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Buy a Big Historic Gem in the McCormick Row House District for $1.965 Million

Be just the third owner of this six-bedroom, four-bath place in a coveted cluster of private row homes in DePaul’s Lincoln Park campus.

The open first floor of a corner townhouse in the McCormick Row House District, looking from the living room through to the rear kitchen and conservatory.   Photo: Ian Spula

Three short blocks stitched together by gated street and parkway are the nuts and bolts of the landmark McCormick Row House District in Lincoln Park.

The simplified Queen Anne brick row houses on the 800 blocks of West Belden and Chalmers streets are quite coveted. Two bookends sold on the same week in late summer 2013 for $1.975 million and exactly $2 million. On April 16, another returned to market with an asking price of $1.965 million, down $30,000 from a brief fall listing.

It’s a rare crack at this mostly-detached extra-wide townhouse, as seller Evan J. Ellman is just the second owner since the district transitioned from McCormick Theological Seminary rental stock to private homes in 1975. The 54 townhouses and two freestanding mansions were largely in disrepair, but they were attractive because of their size and exclusive location in the belly of DePaul’s campus.

“DePaul really wanted to buy all these houses when the Seminary moved away,” says Ellman. “But one of the residents got renters to pool their money, and the combined pool outbid DePaul.” Today, it’s hard to picture, but doing such a thing in mid-70s Lincoln Park, west of Halsted, made one an urban pioneer.

Ellman’s house has never actually been on the market, until now. “When I heard the home would be listing [in 1984], I literally camped out in front the night before the owners were due back from a trip to India so that I could make an offer the next morning.” The property is 38-feet-wide and bracketed by gardens and small trees on three sides. The few feet of separation between it and the neighboring structure effectively detaches it from the row even though facades and stairwells are attached.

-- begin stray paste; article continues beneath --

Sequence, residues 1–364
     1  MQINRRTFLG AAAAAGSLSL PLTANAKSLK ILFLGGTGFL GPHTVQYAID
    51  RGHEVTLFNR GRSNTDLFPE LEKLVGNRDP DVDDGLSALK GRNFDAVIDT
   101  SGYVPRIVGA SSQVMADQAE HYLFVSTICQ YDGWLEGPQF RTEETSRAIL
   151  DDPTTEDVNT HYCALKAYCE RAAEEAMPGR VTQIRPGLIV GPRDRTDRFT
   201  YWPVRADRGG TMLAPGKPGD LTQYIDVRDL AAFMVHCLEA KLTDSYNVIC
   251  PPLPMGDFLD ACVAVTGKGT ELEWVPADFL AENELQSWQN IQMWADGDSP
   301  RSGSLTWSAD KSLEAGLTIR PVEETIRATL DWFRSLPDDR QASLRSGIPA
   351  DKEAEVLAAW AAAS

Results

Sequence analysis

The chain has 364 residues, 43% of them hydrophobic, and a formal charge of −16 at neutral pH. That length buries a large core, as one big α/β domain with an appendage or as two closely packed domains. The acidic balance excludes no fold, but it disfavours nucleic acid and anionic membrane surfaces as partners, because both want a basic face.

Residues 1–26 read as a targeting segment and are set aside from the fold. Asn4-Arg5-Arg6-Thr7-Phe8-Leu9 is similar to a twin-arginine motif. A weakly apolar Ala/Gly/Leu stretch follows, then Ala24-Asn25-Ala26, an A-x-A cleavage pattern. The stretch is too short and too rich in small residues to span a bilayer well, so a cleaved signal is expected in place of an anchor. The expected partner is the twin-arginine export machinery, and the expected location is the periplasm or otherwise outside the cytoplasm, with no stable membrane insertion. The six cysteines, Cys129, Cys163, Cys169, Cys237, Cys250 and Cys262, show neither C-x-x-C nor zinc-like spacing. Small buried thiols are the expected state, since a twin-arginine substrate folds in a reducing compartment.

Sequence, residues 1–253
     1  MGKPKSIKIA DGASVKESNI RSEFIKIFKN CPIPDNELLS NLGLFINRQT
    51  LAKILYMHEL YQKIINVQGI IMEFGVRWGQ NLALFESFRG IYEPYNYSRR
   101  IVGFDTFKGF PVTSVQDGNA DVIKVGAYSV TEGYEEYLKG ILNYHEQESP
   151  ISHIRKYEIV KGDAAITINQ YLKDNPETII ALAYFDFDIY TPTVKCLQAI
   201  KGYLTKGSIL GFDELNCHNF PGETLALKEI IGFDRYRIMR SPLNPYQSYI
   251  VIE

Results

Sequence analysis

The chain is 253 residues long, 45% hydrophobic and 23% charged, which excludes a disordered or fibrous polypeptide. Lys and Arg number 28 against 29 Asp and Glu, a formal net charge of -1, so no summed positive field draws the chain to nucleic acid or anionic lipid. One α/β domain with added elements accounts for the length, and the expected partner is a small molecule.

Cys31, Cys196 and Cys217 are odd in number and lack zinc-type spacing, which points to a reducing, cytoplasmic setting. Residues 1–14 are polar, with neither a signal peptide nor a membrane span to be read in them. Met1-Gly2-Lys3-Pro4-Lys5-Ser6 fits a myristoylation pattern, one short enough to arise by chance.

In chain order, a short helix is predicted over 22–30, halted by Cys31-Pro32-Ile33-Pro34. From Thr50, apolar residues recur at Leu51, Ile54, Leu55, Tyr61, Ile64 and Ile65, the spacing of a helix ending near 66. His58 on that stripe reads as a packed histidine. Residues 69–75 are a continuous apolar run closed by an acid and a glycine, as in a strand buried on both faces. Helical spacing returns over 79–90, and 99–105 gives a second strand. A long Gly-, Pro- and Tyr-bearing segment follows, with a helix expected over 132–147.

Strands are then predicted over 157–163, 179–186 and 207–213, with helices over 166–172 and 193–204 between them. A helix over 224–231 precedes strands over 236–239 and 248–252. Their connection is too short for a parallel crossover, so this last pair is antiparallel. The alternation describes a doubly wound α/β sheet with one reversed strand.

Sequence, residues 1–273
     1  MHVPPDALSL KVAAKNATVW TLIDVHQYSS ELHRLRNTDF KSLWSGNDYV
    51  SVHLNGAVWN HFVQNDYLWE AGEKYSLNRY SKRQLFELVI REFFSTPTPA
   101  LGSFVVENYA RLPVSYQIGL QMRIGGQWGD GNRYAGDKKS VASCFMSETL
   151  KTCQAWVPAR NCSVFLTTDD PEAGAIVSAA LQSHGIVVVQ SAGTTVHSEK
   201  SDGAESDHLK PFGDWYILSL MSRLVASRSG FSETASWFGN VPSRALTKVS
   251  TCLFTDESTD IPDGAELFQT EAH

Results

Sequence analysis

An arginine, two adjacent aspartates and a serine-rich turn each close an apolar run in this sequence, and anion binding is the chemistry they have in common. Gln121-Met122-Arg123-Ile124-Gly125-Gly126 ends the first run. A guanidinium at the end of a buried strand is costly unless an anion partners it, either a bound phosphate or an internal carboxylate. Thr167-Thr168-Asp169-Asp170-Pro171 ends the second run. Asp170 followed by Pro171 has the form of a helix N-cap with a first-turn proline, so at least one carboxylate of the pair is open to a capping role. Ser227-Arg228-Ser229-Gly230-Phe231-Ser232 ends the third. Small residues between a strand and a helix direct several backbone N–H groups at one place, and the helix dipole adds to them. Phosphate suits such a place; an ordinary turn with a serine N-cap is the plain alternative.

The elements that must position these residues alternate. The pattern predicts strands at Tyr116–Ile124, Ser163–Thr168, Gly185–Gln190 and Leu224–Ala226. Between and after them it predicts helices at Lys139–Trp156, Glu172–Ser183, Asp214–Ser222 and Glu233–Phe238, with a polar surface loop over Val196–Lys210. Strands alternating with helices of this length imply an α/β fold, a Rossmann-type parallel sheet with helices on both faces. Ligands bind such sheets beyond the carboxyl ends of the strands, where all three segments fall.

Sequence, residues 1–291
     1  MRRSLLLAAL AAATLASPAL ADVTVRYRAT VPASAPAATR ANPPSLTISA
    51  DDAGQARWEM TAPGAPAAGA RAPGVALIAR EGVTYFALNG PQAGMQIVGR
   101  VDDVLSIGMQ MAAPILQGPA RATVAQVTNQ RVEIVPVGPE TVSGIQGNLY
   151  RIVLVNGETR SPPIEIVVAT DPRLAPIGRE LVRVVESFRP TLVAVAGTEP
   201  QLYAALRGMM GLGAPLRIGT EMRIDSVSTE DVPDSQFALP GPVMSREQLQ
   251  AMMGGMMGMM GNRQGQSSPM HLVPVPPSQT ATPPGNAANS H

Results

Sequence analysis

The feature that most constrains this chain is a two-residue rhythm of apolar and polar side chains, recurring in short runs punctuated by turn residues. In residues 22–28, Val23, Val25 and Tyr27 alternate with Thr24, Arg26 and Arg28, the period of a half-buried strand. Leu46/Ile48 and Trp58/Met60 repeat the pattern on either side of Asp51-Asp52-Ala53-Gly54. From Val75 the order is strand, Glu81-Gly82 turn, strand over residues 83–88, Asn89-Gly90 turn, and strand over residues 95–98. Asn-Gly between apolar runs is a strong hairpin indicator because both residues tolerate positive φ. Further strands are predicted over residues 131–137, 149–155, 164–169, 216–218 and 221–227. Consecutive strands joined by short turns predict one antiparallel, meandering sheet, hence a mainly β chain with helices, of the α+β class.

The 1894 corner house has six bedrooms, which, owning to deep floor plates and 5,400 square feet of living space, are easily fit on the second and third levels. There are also four full bathrooms including a master with Jacuzzi bath. The interior has a noticeably smooth flow, with only a hint of division between first floor common rooms. The ability to see down the length of the home across a foyer, double living room, dining room, kitchen, and conservatory makes it great for entertaining, says Ellman.

Many of the landmark home’s vintage details are still around, from the carved stair railing to the shutters and three wood-burning fireplaces. A front turret also brings a quirky bit of bonus space to a pair of rooms on the second and third floors. Ellman added the rear conservatory and rebuilt the adjoining kitchen as a large, bright space with checkered floors. Other notable features include a large third floor deck and wiring for sound on the first floor.

The townhouse has become too much for Ellman, who plans to spend more time in Florida with her 99-year-old mother. “I don’t know how I’m going to have an identity after I lose this house. I’m inextricably bound to it.”

Price Points: As part of a loose district-wide owner’s association, a small $167/month assessment applies. It covers water, common insurance, and two designated street parking spaces. The association also maintains the shared grounds, including the central parkway and the rare stand of massive Dutch Elm trees in the laneway between the Chalmers and Belden rows—which are given immune boosters to ward off disease. Jameson Sotheby’s Matt Leutheuser has the listing.

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